The Government's ICT agency for education, Becta, will close in November 2010. Chief executive Stephen Crowne informed staff of the closure this morning (May 24). He told them it was no reflection on their efforts but was about numbers.
Professor Stephen Heppell, one of the architects of the Stevenson Report which ushered in the Labour Government's current investments in ICT for learning, responding to the news, said that now is the time to prove that "ICT empowers autonomous learners", and that means everyone. "We are where we are," he said. "No comments here will change the facts of these cuts, or the no doubt more cuts to follow."
"All the organisations targeted have wise and experienced folk in them – the hope surely is that their wisdoms will not be lost to the system, even though their organisations are.
"Meanwhile, we need to see the opportunity presented: we are in a world where, as I have often said before, instead of the old 20th century model of "building big things that did things for people" we now have a world of "helping people to help each other".
"We are lucky in ICT that we have, perhaps inevitably, so many wise and helpful bloggers and podders and tweeters that are already providing a mass of inspiration and effective practice for others – a bottom-up army of authentic practitioners. We've said all along that ICT empowers autonomous and collaborative learners. Now is the time to prove that these learners include ourselves too."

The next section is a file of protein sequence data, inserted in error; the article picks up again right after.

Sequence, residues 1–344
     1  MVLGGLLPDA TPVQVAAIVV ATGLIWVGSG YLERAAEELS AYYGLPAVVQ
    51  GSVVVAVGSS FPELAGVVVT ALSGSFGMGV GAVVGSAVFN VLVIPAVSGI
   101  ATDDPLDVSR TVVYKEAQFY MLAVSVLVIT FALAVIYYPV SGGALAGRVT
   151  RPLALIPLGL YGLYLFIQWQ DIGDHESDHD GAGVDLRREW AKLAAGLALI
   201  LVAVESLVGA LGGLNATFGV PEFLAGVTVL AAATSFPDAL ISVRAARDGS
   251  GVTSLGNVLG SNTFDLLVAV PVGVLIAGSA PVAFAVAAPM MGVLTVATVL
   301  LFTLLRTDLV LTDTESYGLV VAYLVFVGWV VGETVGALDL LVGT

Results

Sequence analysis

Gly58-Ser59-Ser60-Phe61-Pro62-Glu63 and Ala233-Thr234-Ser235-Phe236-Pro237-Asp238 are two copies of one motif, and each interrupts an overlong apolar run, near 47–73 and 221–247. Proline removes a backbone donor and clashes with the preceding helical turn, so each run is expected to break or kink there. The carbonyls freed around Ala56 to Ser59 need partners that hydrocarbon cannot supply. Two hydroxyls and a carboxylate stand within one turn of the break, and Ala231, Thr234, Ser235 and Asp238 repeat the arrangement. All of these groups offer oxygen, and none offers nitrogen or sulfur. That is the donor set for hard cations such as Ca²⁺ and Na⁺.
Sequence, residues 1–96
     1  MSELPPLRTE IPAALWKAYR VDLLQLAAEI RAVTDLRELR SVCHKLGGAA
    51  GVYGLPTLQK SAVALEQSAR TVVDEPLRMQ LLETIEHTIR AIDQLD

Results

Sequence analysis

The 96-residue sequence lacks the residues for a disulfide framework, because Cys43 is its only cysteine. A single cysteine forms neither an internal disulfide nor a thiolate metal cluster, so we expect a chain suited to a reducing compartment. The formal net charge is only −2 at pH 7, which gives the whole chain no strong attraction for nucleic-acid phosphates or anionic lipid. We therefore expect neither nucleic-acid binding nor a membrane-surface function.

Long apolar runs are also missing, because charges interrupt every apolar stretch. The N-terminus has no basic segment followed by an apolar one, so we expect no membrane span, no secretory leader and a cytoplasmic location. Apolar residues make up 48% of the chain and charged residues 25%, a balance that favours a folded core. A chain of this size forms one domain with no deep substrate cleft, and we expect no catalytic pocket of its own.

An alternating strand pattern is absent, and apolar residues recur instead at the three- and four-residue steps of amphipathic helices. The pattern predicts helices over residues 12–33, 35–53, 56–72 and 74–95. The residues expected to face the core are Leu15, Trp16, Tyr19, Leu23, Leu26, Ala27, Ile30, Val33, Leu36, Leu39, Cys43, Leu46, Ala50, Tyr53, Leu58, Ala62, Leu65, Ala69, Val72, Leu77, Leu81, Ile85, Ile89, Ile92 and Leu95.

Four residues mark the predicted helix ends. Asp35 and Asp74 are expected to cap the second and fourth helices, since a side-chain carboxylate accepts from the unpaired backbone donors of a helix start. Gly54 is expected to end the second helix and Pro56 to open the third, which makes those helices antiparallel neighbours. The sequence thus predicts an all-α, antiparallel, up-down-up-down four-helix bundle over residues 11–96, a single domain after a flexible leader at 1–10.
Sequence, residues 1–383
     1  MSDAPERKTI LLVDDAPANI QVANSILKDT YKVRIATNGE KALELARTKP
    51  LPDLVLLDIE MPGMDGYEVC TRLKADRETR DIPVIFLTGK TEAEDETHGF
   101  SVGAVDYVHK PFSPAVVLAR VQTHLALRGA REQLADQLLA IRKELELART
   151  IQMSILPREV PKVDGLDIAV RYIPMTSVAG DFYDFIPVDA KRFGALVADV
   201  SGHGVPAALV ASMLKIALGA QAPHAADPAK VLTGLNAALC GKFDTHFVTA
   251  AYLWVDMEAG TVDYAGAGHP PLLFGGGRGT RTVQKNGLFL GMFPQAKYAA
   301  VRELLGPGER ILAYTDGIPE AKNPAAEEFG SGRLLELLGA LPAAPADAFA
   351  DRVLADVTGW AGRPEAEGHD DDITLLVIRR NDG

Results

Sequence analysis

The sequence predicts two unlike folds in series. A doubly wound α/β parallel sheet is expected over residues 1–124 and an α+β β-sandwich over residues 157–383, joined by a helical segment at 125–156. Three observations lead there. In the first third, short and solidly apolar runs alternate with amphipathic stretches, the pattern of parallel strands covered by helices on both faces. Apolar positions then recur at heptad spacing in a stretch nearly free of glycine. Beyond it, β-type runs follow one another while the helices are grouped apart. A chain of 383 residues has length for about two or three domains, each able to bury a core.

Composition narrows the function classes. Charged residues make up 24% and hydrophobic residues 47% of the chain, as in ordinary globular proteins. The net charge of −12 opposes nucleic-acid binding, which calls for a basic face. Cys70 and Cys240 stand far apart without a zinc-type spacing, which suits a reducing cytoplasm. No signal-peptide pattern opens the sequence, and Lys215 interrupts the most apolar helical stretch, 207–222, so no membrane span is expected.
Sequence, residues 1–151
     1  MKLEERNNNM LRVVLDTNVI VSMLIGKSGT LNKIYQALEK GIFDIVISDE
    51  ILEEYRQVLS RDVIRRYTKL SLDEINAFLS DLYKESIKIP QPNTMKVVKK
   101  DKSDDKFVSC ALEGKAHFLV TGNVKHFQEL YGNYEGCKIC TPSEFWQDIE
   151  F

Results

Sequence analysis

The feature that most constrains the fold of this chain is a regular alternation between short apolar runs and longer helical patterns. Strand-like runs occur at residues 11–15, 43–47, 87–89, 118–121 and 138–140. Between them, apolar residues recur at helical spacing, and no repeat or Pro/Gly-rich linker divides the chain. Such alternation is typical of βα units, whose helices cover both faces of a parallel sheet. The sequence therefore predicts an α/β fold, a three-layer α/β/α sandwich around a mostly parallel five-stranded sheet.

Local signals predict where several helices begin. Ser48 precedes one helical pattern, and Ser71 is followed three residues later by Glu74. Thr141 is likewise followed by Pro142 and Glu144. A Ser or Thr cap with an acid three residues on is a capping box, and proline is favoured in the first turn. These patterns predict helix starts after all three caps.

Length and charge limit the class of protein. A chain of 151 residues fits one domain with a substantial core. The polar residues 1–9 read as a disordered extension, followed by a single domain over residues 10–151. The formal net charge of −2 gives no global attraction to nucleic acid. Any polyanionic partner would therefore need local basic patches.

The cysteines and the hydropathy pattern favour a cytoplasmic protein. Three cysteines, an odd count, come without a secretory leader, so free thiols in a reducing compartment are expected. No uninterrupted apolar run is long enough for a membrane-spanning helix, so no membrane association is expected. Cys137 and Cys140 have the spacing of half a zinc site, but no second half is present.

The closure of Becta, with the loss of 250 jobs, comes as no surprise following the Conservative leadership's public identification of Becta as a candidate for closure in 2009. Tory representatives were present at the BETT 2010 educational technology Show in January garnering feedback on what would be a good replacement for the organisation. The ConLibDem Coalition government is currently announcing more cuts (see below).
It is not yet known whether this could damage one of Becta's most high-profile projects, the Home Access scheme, an attempt to bridge the "dig.ital divide" by providing low-income families with laptops and internet access for learning. A joint statement from Becta chairman Graham Badman and Stephen Crowne (left) on the Becta website says: “Naturally we are very disappointed at the Government’s decision.
"Becta is a very effective organisation with an international reputation, delivering valuable services to schools, colleges and children. Our procurement arrangements save the schools and colleges many times more than Becta costs to run. Our Home Access programme will give laptops and broadband to over 200,000 of the poorest children.
“Our top priorities now are to make sure we have an orderly and fair process for staff, and that as far as possible schools, colleges and children continue to benefit from the savings and support that Becta has provided. We will be talking to Government Departments and our other stakeholders including the industry about this.”
Becta was created in 1998 from the remains of the then National Council for Educational Technology, following the ousting of its boss, Margaret Bell. It was headed by ex-primary headteacher Owen Lynch before career civil servant Stephen Crowne took over the reins in 2006.